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Mineralogy and stratigraphy of the Gale crater rim, wall, and floor units

Buz, Jennifer and Ehlmann, Bethany L. and Pan, Lu and Grotzinger, John P. (2017) Mineralogy and stratigraphy of the Gale crater rim, wall, and floor units. Journal of Geophysical Research. Planets, 122 (5). pp. 1090-1118. ISSN 2169-9097. doi:10.1002/2016JE005163.

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The Curiosity rover has detected diverse lithologies in float rocks and sedimentary units on the Gale crater floor, interpreted to have been transported from the rim. To understand their provenance, we examine the mineralogy and geology of Gale's rim, walls, and floor, using high-resolution imagery and infrared spectra. While no significant differences in bedrock spectral properties were observed within most Thermal Emission Imaging System and Compact Reconnaissance Imaging Spectrometer for Mars (CRISM) scenes, some CRISM scenes of rim and wall rocks showed olivine-bearing bedrock accompanied by Fe/Mg phyllosilicates. Hydrated materials with 2.48 μm absorptions in Gale's eastern walls are spectrally similar to the sulfate unit in Mount Sharp (Aeolis Mons). Sedimentary strata on the Gale floor southwest of the landing site, likely coeval with the Bradbury units explored by Curiosity, also are hydrated and/or have Fe/Mg phyllosilicates. Spectral properties of these phyllosilicates differ from the Al-substituted nontronite detected by CRISM in Mount Sharp, suggesting formation by fluids of different composition. Geologic mapping of the crater floor shows that the hydrated or hydroxylated materials are typically overlain by spectrally undistinctive, erosionally resistant, cliff-forming units. Additionally, a 4 km impact crater exposes >250 m of the Gale floor, including finely layered units. No basement rocks are exposed, thus indicating sedimentary deposits ≥250 m beneath strata studied by Curiosity. Collectively, the data indicate substantial sedimentary infill of Gale crater, including some materials derived from the crater rim. Lowermost thin layers are consistent with deposition in a lacustrine environment; interbedded hydrated/hydroxylated units may signify changing environmental conditions, perhaps in a drying or episodically dry lake bed.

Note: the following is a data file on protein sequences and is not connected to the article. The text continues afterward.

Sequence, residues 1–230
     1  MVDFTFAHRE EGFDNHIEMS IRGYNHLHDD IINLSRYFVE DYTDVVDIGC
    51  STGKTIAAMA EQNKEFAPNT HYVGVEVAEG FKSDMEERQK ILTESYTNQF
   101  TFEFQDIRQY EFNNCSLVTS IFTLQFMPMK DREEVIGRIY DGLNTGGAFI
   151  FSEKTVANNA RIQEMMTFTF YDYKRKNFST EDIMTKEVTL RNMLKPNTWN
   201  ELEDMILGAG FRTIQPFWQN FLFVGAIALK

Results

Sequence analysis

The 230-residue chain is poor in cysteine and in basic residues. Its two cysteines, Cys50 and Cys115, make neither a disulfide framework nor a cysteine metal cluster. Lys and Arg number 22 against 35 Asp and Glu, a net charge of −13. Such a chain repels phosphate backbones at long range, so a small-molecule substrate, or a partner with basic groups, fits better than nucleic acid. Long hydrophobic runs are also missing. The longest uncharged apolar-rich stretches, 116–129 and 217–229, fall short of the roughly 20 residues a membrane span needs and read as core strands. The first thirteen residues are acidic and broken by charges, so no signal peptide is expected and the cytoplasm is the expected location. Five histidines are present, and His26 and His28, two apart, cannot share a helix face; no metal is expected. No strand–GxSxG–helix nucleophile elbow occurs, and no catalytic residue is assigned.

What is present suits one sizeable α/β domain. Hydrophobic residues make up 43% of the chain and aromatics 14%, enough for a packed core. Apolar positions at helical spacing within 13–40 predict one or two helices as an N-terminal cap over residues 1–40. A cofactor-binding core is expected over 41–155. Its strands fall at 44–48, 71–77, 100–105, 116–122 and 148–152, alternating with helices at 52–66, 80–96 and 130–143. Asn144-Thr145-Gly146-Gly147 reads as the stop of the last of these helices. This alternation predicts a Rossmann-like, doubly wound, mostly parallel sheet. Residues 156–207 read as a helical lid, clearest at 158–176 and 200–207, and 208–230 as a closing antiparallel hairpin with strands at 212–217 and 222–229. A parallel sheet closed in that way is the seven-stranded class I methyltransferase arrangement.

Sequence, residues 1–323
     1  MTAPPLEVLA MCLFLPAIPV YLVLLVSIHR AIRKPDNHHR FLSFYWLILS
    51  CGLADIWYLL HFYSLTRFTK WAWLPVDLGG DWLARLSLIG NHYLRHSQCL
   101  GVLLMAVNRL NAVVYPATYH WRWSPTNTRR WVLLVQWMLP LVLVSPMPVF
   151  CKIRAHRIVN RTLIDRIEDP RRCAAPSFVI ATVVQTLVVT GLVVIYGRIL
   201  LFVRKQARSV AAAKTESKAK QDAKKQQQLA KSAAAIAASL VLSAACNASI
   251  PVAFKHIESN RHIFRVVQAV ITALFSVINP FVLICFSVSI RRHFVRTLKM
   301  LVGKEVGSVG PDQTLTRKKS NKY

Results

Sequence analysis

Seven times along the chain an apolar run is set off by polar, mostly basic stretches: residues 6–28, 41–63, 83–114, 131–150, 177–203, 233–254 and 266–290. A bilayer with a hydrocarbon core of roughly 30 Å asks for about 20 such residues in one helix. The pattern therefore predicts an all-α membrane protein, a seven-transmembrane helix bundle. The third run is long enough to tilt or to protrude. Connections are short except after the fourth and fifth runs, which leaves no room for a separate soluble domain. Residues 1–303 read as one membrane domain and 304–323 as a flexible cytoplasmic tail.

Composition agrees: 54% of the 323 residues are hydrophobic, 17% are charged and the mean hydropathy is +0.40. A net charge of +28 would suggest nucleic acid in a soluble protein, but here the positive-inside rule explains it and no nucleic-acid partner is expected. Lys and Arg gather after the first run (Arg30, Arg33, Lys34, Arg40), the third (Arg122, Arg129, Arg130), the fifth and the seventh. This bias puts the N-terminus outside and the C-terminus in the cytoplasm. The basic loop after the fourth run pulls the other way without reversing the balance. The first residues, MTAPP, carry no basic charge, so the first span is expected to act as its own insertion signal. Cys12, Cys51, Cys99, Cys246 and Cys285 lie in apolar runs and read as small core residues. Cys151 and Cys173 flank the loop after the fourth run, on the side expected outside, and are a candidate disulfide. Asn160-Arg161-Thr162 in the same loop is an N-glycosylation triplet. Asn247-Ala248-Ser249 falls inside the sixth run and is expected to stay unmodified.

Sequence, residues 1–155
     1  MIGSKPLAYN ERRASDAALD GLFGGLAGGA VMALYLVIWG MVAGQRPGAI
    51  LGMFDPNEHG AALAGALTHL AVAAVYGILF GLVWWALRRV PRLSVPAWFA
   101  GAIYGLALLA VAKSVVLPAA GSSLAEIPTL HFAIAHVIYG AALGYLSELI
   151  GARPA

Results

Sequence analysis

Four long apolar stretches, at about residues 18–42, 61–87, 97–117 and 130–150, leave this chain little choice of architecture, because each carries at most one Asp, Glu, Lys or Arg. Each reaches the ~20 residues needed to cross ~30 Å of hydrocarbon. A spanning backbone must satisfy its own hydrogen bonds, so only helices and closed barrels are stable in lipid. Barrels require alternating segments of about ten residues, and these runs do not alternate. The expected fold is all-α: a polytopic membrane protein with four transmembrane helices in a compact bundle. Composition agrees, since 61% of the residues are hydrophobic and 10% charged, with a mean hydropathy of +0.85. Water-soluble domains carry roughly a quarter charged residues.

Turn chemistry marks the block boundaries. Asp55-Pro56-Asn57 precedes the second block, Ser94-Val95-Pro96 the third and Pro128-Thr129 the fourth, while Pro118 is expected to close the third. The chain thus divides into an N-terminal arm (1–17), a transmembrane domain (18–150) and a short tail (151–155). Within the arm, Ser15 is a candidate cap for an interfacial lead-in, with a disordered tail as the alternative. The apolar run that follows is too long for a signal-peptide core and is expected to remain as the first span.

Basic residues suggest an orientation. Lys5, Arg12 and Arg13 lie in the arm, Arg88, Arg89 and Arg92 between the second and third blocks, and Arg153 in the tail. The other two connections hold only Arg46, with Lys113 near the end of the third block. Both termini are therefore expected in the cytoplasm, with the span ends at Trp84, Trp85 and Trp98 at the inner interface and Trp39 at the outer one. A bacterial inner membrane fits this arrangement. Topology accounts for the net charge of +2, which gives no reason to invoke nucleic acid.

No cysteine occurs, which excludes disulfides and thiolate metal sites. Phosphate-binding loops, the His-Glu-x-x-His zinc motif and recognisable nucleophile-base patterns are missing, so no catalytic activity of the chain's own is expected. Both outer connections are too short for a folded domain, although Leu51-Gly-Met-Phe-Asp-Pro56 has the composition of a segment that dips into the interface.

Item Type:Article
Related URLs:
URLURL TypeDescription
Buz, Jennifer0000-0002-0491-2686
Ehlmann, Bethany L.0000-0002-2745-3240
Pan, Lu0000-0002-8151-2125
Grotzinger, John P.0000-0001-9324-1257
Additional Information:© 2017 The Authors. This is an open access article under the terms of the Creative Commons Attribution-NonCommercial-NoDerivs License, which permits use and distribution in any medium, provided the original work is properly cited, the use is non-commercial and no modifications or adaptations are made. Received 1 SEP 2016; Accepted 17 APR 2017; Accepted article online 20 APR 2017; Published online 30 MAY 2017. All data used in this paper are available in the NASA Planetary Data System; derived products are available by request. Thanks to efforts of the many spacecraft and instrument teams for their collection of these right data sets. Thanks to Ara Oshagan, Christopher Edwards, and Daven Quinn for assistance with data processing. J.B. was supported by a NASA Earth and Space Sciences Fellowship NNX15AQ95H for the conduct of this work. Partial support was also provided by an MSL Participating Scientist grant to B.L.E. We also thank Sanjeev Gupta and an anonymous reviewer for their comments and suggestions, which have improved this manuscript.
Group:Astronomy Department
Funding AgencyGrant Number
Mars Science Laboratory (MSL)UNSPECIFIED
Subject Keywords:planetary geology; remote sensing; mineralogy
Issue or Number:5
Record Number:CaltechAUTHORS:20170619-074409915
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Official Citation:Buz, J., B. L. Ehlmann, L. Pan, and J. P. Grotzinger (2017), Mineralogy and stratigraphy of the Gale crater rim, wall, and floor units, J. Geophys. Res. Planets, 122, 1090–1118, doi:10.1002/2016JE005163
Usage Policy:No commercial reproduction, distribution, display or performance rights in this work are provided.
ID Code:78316
Deposited By: Tony Diaz
Deposited On:27 Jun 2017 20:18
Last Modified:15 Nov 2021 17:38

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